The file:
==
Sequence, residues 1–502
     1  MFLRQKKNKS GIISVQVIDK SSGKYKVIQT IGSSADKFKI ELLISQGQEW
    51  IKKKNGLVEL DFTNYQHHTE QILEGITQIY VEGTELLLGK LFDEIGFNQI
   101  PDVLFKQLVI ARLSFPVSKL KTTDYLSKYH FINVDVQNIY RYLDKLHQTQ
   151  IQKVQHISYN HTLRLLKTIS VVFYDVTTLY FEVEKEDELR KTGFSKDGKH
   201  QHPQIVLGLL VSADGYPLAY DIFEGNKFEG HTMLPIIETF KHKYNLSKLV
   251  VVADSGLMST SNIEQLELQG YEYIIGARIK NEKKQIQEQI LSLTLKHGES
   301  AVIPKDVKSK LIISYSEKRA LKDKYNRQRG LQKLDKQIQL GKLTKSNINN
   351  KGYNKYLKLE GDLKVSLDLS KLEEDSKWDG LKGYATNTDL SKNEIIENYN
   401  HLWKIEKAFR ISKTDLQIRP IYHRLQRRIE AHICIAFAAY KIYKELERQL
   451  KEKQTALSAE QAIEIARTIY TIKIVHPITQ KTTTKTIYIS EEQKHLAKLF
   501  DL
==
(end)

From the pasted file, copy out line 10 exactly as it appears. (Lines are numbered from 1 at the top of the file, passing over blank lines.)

   401  HLWKIEKAFR ISKTDLQIRP IYHRLQRRIE AHICIAFAAY KIYKELERQL